"Hey boss man you can make a million dollars by putting shitware on this laptop and only lose $300,000 in sales from upset customers." What do you think boss man will do? Reply
  • WaltFrench - Thursday, February 19, 2015 - link

    @Ian wrote, <i>“Despite whatever good intentions Lenovo had behind the software…”</i>

    Let's be REALLY clear here: the purpose of Superfish adware was to supersede the ads that finance many indie websites, including this site, it'd seem. Lenovo was undercutting the financial viability of sites that depend on either impressions (seems some ads were replaced?) and/or clicks (which would be lessened by having ads in front of, blocking existing ads).

    The result is to harm the finances of sites that Lenovo users find most useful.

    The privacy angle is pretty serious, too: when Superfish tells <b>ITS</b> ad servers to bring up an ad for guns, drug paraphernalia, security systems or … heck, home pregnancy tests, your profile is going back to the Lenovo partner. Given how sloppy the security angle is (an easily-cracked certificate password, opening all users to MITM attacks using the same certificate number as on EVERY Lenovo machine), there's no reason to think your personal details aren't getting abused, exposed to criminals or snoops.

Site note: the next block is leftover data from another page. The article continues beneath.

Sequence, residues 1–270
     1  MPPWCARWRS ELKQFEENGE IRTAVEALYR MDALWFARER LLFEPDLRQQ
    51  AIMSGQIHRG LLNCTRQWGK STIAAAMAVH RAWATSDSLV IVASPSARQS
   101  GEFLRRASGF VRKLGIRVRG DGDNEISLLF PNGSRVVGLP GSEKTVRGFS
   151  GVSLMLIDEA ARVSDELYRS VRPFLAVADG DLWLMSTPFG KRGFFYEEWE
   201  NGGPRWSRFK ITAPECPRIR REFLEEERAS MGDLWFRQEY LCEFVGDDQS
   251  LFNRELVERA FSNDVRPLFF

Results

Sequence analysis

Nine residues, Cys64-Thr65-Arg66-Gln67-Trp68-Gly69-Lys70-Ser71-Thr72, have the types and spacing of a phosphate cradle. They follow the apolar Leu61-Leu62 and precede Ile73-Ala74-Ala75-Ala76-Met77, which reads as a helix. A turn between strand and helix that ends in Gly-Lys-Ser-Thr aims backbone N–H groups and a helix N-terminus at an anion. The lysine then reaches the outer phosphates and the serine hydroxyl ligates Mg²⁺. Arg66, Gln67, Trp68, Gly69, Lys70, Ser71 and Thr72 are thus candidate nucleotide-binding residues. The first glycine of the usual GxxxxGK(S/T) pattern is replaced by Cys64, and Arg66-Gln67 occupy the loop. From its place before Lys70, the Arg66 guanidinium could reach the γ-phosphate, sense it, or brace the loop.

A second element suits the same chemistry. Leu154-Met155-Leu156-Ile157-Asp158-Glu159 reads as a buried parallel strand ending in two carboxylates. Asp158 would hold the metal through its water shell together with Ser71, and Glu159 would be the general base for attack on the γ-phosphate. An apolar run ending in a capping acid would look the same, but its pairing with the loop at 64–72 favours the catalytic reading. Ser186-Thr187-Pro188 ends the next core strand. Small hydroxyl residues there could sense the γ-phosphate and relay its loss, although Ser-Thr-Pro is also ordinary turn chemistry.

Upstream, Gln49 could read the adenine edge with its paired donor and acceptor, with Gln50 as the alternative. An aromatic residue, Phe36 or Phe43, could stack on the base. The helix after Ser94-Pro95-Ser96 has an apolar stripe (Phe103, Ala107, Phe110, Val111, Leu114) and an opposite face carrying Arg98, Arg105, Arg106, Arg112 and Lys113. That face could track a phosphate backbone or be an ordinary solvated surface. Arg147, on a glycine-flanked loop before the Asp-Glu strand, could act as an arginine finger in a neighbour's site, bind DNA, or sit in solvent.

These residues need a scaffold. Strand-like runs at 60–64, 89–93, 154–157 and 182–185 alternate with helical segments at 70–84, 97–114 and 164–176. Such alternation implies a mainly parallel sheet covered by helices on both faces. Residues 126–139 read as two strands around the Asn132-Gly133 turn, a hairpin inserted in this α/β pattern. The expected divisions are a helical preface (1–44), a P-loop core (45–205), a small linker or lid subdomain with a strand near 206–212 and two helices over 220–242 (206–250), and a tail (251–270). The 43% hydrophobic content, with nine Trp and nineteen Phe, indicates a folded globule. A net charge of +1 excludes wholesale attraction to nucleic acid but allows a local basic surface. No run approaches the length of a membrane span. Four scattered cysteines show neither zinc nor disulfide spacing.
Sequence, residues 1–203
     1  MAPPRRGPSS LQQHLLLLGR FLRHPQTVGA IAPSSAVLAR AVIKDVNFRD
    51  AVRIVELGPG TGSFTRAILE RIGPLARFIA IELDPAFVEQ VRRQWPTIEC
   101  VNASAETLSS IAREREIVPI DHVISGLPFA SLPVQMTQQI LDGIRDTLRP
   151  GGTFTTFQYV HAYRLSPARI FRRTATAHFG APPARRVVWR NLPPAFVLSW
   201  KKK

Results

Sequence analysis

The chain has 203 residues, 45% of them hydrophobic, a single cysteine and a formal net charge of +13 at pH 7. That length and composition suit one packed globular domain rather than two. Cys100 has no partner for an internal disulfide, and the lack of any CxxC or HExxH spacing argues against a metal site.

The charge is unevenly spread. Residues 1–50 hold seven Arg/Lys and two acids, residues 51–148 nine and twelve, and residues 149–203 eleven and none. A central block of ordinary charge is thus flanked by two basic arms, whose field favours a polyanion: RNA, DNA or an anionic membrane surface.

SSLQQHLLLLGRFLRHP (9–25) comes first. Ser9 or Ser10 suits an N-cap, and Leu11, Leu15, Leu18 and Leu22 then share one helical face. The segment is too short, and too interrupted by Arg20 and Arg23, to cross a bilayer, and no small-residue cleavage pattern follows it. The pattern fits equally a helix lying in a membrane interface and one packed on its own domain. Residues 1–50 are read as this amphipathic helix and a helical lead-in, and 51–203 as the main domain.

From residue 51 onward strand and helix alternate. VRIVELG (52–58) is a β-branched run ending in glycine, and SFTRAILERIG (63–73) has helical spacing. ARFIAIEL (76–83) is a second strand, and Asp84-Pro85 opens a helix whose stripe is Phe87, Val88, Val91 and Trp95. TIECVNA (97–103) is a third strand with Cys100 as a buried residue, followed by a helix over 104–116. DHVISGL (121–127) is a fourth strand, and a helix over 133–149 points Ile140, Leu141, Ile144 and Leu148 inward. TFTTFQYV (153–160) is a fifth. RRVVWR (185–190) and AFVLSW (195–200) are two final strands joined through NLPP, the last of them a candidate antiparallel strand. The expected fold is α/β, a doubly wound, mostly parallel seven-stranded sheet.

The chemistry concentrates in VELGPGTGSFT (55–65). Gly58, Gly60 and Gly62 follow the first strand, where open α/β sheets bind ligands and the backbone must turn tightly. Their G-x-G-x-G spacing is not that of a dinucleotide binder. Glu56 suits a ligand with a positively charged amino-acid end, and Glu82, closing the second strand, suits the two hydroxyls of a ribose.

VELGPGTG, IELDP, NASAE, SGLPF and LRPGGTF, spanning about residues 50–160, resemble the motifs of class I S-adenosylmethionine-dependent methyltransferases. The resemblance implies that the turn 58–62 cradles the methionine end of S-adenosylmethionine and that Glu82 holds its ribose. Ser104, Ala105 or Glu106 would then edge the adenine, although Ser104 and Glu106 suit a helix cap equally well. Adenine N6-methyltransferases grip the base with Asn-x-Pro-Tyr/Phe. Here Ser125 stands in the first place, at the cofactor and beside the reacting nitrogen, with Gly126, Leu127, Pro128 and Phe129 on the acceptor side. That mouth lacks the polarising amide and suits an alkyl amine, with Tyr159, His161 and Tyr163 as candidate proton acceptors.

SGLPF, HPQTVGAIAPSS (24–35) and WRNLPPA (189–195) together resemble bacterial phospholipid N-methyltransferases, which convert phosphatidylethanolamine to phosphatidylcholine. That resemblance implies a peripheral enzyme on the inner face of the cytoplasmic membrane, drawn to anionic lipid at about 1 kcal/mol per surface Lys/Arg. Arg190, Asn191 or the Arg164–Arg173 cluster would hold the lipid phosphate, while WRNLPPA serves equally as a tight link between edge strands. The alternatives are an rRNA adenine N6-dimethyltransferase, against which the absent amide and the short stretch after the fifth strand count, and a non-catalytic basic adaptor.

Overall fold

And of course, the utterly unthinking indifference to user security that was evident.

    The only good intention Lenovo had was to make a few bucks by cutting corners on its users' productivity, privacy and security. Dunno how they thought that would work out, so it was just low-grade money-grubbing that'll make any careful person look gimlet-eyed at every other product from them.